And let’s face it – it would make a mighty fine auction item if you ever became famous one day ;)

Seven Habits of Highly Effective Writers

For the past month, I have lived by a grid telling me what to do each day. For Type B people, this may seem ludicrous. But since graduating from college, I’ve been winging it and have almost nothing to show except one long suffering manuscript and no progress on other endeavors. I wasted two years that I could have been building my film portfolio. Two years I could have been freelancing my graphics skills. Two years I could have been writing and publishing short fiction.

I’m not wasting time anymore.

But a schedule means nothing without discipline, and that discipline is something I have to grow. I don’t meet all my goals every week. I barely meet my goals every month. But I do reach 70-80% of them, and it gets easier every day. By the end of 2015, I hope these goals will instead be habits. And since the point of this blog is to share both my progress and philosophies so that they may help other writers, here are a few tips to transform ideals into real habits:

Multiple projects. I wasn’t always a supporter of this, mostly because one project tends to overwhelm my brain at a time, leaving no inspiration for other things. In some ways, this remains true – I still can’t write two novels at once. But a novel and a short story? That’s okay. A short story and a website? That’s cool too. Spreading your projects across different mediums is a great brain hack, because I think we all have a set of muses instead of just one. You can fire all of them up at the same time and work steadily on everything, rather than burning out “the novel muse” before you’re even done with it.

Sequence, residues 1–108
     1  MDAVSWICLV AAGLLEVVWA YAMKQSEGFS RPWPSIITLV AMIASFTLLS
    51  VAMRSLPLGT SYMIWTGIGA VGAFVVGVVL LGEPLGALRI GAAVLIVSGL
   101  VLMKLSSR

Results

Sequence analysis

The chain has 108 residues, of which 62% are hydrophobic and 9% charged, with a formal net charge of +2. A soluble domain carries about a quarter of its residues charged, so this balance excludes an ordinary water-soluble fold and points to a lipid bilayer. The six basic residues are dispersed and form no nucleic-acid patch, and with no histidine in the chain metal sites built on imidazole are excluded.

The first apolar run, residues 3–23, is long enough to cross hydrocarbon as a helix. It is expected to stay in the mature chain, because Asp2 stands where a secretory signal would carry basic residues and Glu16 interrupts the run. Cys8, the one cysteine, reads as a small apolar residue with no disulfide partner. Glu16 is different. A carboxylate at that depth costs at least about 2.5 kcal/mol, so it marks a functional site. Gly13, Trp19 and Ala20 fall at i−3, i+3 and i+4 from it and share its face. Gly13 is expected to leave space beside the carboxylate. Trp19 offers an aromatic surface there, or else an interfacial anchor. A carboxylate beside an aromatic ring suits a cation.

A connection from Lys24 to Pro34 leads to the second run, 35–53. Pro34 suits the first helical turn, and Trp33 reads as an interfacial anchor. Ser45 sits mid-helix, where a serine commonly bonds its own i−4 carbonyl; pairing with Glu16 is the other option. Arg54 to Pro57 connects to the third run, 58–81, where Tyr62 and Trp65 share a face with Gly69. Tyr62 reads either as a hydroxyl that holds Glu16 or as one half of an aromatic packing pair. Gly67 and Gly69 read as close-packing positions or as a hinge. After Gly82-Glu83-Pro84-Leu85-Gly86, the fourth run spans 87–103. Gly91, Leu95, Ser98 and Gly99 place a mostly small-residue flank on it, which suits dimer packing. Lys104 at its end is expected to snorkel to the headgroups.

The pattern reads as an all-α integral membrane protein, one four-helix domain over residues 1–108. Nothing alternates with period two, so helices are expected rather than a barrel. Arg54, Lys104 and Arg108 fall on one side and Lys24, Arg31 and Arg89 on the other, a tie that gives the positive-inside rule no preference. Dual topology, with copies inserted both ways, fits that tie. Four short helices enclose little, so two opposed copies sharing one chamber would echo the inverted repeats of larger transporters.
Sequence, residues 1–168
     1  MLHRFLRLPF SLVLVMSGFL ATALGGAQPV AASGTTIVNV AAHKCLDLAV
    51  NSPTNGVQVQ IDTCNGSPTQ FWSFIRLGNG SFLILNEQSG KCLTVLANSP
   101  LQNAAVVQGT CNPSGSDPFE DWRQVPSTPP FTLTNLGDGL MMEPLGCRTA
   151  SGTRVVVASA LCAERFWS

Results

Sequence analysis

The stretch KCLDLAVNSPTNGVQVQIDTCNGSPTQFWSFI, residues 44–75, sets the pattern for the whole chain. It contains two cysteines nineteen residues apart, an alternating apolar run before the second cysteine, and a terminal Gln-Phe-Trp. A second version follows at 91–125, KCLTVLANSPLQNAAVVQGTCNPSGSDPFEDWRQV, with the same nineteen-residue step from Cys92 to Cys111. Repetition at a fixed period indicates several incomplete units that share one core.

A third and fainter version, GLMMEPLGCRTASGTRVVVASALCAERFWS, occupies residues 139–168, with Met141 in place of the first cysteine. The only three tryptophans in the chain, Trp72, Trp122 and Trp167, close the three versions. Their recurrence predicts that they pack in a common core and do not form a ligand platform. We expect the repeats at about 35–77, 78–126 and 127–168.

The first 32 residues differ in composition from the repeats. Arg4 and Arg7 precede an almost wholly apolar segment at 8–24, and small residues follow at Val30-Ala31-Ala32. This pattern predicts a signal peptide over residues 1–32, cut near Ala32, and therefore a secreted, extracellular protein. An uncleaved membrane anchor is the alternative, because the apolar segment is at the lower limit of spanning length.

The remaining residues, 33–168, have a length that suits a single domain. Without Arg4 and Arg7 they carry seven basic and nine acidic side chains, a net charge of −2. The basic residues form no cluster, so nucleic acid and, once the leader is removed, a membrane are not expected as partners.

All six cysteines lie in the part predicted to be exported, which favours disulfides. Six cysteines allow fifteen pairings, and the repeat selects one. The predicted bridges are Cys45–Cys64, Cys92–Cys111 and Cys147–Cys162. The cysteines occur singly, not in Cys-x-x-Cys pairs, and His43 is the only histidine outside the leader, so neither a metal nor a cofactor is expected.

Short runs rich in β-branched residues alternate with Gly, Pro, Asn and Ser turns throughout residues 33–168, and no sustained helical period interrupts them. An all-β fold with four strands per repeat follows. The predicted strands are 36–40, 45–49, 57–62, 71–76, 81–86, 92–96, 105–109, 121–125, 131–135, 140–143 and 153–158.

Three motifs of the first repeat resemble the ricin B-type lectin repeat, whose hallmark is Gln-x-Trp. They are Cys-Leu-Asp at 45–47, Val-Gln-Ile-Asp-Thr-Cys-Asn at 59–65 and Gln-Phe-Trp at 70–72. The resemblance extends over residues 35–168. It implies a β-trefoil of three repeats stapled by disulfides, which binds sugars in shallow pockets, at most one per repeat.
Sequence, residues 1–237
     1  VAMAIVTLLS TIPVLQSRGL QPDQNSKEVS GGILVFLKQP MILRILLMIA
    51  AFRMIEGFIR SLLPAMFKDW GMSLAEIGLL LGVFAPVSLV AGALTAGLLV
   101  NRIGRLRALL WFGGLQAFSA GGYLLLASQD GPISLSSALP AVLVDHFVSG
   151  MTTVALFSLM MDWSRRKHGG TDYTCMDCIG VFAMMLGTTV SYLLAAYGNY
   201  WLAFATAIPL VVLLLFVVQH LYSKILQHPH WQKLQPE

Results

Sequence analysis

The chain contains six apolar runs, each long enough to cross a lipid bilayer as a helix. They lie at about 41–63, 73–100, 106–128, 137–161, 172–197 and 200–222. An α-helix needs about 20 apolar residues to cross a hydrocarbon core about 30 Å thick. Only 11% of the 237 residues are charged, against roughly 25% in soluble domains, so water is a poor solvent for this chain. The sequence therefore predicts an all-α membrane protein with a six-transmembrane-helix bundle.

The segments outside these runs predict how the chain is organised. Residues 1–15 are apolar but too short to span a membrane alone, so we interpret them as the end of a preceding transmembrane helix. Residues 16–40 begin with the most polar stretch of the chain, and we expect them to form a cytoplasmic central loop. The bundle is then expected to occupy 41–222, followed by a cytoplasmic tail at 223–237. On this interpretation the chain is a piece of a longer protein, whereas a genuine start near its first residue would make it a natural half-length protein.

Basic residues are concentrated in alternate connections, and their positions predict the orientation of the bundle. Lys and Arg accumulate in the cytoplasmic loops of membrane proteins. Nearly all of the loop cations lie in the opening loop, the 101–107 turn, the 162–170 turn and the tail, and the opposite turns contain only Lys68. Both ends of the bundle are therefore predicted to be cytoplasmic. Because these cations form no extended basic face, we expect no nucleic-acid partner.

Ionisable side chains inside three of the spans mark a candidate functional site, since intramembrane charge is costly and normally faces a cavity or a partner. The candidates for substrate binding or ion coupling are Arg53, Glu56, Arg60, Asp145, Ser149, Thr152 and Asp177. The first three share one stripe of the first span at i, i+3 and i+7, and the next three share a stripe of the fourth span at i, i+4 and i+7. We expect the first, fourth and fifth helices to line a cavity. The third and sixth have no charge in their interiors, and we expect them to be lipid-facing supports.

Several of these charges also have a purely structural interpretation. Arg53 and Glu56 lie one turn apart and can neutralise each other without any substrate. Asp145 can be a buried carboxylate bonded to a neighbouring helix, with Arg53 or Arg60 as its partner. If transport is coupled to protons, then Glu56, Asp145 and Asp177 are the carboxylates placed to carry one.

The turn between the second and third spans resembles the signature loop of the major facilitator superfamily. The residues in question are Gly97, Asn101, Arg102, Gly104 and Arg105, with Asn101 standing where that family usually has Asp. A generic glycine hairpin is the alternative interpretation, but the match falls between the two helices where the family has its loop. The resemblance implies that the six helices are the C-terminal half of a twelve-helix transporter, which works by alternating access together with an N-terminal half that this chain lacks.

Meditation. You know how the best ideas come to you in the shower, or on the ride to work, or as you’re about to fall asleep? There’s a reason – those moments are when your mind is most relaxed (assuming you’re not driving in D.C. traffic every day!) Stepping back and letting your mind wander is like instant inspiration. I swear, half the plot twists for Paradisa were born in the bathroom. You could try setting aside 15-30 minutes every day to physically meditate, but I personally haven’t made time for that yet. Instead, I harness my brain’s natural meditation cycles by keeping a small memo pad close by, and by using my smartphone’s voice recorder app. Like dreams, a lot of ideas and writing envisioned during this period can be fleeting, and I don’t want to forget them!

Schedules. Again, some more. Sorry, but they’re essential for me. I have road marks for all of my mediums going all the way through 2020! But some things, like my ambitious feature-length mocap project, actually take that much preparation. When you’re trying to raise hundreds of thousands of dollars for something, you need the luxury of time and a multi-year game plan. And for anyone trying to be an indie anything, you need time to build a platform before you can expect to be successful.

Another thing about schedules – they ensure all months have a fairly even workload. I have allowed myself a hiatus on most things during months where I’ll draft a new novel. Similarly, during months where my novel is in beta, I focus more on non-novel things. I don’t want to reach March and realize all my deadlines have converged at once and I’ve given myself an impossible workload (only to be followed by a month where everything is slow and I’m basically wasting time).

Know your limits. In my prime, I could write 2000 words/hour. That seems like a fantasy now, because I no longer live alone and I have a much earlier bedtime. In fact, I didn’t really have a bedtime two years ago and constantly showed up to work bedraggled. In exchange for getting 8 hours of sleep every day, barely drinking caffeine, and being a decent live-in girlfriend, my maximum daily word count is about 1000 words.